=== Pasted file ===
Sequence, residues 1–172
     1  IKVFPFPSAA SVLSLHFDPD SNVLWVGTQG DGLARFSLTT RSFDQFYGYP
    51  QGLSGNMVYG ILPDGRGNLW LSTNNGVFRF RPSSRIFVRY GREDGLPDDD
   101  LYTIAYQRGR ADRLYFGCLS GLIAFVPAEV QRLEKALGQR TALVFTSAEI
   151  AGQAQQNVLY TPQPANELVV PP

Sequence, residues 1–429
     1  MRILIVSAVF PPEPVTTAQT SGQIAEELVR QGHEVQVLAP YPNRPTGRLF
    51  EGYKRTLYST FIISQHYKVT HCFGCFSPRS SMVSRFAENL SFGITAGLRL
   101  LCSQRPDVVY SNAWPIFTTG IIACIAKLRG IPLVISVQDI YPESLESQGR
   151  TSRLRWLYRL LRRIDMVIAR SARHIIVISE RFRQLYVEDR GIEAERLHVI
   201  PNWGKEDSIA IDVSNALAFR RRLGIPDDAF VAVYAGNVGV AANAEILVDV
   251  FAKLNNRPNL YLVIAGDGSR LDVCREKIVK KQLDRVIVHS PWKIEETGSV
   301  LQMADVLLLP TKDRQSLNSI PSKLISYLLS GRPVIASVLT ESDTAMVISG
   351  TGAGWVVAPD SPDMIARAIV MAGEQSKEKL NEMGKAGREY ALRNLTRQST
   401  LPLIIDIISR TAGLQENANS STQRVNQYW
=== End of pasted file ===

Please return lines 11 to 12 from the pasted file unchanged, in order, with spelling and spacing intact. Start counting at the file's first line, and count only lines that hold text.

   201  PNWGKEDSIA IDVSNALAFR RRLGIPDDAF VAVYAGNVGV AANAEILVDV
   251  FAKLNNRPNL YLVIAGDGSR LDVCREKIVK KQLDRVIVHS PWKIEETGSV